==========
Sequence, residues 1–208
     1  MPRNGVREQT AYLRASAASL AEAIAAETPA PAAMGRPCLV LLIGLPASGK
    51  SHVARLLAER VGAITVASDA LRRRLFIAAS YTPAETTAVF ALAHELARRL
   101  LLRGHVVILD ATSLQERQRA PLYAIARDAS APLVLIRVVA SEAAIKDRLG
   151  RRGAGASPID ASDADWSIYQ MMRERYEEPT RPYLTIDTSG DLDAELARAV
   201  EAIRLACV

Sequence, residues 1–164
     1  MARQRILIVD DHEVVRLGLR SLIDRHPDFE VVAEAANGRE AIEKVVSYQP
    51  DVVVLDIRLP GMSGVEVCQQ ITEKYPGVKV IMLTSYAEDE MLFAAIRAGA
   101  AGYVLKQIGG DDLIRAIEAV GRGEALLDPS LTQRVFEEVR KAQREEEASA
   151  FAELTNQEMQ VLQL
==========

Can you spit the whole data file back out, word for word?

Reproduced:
Sequence, residues 1–208
     1  MPRNGVREQT AYLRASAASL AEAIAAETPA PAAMGRPCLV LLIGLPASGK
    51  SHVARLLAER VGAITVASDA LRRRLFIAAS YTPAETTAVF ALAHELARRL
   101  LLRGHVVILD ATSLQERQRA PLYAIARDAS APLVLIRVVA SEAAIKDRLG
   151  RRGAGASPID ASDADWSIYQ MMRERYEEPT RPYLTIDTSG DLDAELARAV
   201  EAIRLACV

Sequence, residues 1–164
     1  MARQRILIVD DHEVVRLGLR SLIDRHPDFE VVAEAANGRE AIEKVVSYQP
    51  DVVVLDIRLP GMSGVEVCQQ ITEKYPGVKV IMLTSYAEDE MLFAAIRAGA
   101  AGYVLKQIGG DDLIRAIEAV GRGEALLDPS LTQRVFEEVR KAQREEEASA
   151  FAELTNQEMQ VLQL